It is an object of the invention to provide a cable tray construction to provide a fire protective insulating product capable of protecting control cables and instrumentation lines, contained therein, from external fire temperatures of at least 2200° F. for a period of time in excess of 15 minutes.
It is a further object to provide an easily assembled, prefabricated cable tray capable of protecting the cables and lines secured therein from fire temperatures of 2200° F. and higher for a period of time in excess of 15 minutes.
Another object is to provide the above cable tray which is adaptable for encasing cables and lines and also encasing structural beams in a refinery or plant.
These and other objects are accomplished by providing a fire protective insulating product having an assemblable unit comprising:
(a) an essentially rectangular metal frame,
(b) said frame supporting a wire mesh which is secured to said metal frame,
(c) a coating of an intumescent material encapsulating said wire mesh; and
(d) secured to one surface thereof, a layer containing an insulative inorganic non-combustible fiber.
The prefabricated, assemblable units are preferably assembled at the job site to form a fire-proof cable tray having joints, on its joining sides, which offset from each other to eliminate joints which are continuous around the covers and to provide rigidity to the system.
FIG. 1 is a fragmentary perspective view of the assembled cable tray of the invention, showing cables installed therein;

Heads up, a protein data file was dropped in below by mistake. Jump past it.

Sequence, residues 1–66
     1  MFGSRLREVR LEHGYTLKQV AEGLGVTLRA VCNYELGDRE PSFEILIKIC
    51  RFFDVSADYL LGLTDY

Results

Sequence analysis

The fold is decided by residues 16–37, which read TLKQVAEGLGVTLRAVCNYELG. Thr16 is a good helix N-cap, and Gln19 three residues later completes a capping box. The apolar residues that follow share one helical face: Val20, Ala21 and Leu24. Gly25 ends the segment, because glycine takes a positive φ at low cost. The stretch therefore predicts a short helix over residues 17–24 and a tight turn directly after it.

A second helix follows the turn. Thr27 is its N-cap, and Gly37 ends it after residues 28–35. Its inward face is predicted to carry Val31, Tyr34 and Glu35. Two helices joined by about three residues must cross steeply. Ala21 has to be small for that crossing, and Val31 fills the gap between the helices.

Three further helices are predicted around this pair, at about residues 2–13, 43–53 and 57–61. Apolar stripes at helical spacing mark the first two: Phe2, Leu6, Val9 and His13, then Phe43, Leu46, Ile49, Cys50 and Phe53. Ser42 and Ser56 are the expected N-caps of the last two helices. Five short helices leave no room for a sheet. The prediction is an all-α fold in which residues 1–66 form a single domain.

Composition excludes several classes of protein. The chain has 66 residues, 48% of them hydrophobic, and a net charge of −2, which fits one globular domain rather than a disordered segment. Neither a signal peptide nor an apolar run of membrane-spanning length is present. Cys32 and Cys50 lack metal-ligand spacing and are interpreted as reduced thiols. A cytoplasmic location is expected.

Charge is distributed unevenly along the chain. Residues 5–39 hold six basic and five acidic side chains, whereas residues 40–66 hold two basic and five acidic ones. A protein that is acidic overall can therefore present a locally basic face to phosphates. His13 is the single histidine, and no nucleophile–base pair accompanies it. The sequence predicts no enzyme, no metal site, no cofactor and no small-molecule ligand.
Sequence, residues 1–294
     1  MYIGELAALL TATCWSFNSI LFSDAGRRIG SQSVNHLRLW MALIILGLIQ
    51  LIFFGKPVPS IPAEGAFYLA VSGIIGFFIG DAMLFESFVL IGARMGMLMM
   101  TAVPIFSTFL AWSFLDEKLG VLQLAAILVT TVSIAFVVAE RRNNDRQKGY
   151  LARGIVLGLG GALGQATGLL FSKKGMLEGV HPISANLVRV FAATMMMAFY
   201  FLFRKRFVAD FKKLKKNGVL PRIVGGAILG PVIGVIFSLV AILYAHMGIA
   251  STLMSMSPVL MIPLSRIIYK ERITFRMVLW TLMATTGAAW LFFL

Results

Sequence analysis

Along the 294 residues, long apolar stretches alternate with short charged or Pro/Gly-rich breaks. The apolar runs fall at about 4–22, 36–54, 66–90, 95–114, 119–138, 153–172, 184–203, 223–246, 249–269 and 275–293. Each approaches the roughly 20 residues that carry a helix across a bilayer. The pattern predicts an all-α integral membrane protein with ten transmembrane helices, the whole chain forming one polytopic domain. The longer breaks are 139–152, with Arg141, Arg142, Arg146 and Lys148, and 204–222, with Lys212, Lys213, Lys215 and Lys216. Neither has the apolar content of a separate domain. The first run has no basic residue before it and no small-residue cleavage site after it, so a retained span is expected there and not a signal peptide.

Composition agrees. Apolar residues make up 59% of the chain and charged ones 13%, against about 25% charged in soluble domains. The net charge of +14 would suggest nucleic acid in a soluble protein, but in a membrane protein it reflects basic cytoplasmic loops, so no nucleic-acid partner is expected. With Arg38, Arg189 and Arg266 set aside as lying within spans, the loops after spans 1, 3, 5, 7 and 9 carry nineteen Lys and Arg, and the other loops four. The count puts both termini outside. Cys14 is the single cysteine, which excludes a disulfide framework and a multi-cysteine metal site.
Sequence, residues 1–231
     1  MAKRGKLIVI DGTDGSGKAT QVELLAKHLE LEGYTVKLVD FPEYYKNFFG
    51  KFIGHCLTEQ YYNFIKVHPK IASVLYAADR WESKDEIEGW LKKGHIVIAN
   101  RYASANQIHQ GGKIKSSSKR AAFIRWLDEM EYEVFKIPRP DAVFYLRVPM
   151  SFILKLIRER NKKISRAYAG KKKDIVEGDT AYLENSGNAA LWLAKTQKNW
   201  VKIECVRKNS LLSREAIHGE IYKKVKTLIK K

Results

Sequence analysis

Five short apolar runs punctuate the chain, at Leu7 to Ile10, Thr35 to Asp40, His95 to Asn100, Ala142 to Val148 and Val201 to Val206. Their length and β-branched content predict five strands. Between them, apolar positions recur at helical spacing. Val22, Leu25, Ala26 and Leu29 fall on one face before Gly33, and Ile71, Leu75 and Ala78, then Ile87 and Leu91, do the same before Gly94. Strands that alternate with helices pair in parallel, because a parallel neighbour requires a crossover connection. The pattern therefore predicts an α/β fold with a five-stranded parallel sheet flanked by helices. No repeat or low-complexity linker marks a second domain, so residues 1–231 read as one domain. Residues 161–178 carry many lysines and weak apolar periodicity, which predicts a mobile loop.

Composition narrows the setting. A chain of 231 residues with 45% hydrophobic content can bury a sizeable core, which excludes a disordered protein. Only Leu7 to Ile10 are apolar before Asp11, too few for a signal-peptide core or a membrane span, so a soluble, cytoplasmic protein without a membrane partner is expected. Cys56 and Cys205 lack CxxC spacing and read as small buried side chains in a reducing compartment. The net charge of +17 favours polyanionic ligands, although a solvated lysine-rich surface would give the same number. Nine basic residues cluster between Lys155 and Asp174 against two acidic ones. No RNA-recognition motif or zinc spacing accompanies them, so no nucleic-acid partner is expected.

FIG. 2 is a perspective view of the upper and a side assemblable unit, without the insulative fiber layer attached thereto;
FIG. 3 is a cross-sectional view of a portion of two upper assemblable units joined together; and
FIG. 4 is a cross-sectional view of another embodiment of the present cable tray having only two assemblable units.
The basic, prefabricated assemblable unit of the present invention is best illustrated in FIGS. 2 and 3. The basic, essentially rectangular frame for the unit consists of metal angle units 30 which are secured to metal support strips 34. Upper and lower units 24 have the angle pieces 30 positioned transverse to intended direction of assembly, as seen in FIG. 2, and particularly in FIG. 1, which shows an assembled cable tray of the invention.
The side units 20 preferably have the metal angle 30 extending longitudinally of the direction of installation. Thus, when assembled, the cable tray may be more rigidly secured in place with the ability to withstand load stresses normally encountered in the field. The metal angle pieces 30 are preferably galvanized, as are the support strips 34.
A wire screen or mesh 22 is layed on and secured to the frames (angle 30 and support strips 34) and secured thereto by folding over a strand of the wire a tab 36 punched from the support strip 34. It will be appreciated, of course, that other means may be used to secure the wire 22 to the frame. The punch tab 36 is merely an economical method of attachment which has been found to be particularly well suited for the present assemblable unit. Tests of the unit have shown that the wire 22 will remain firmly attached to the frame under anticipated stresses, using the punch tab 36 attachment method.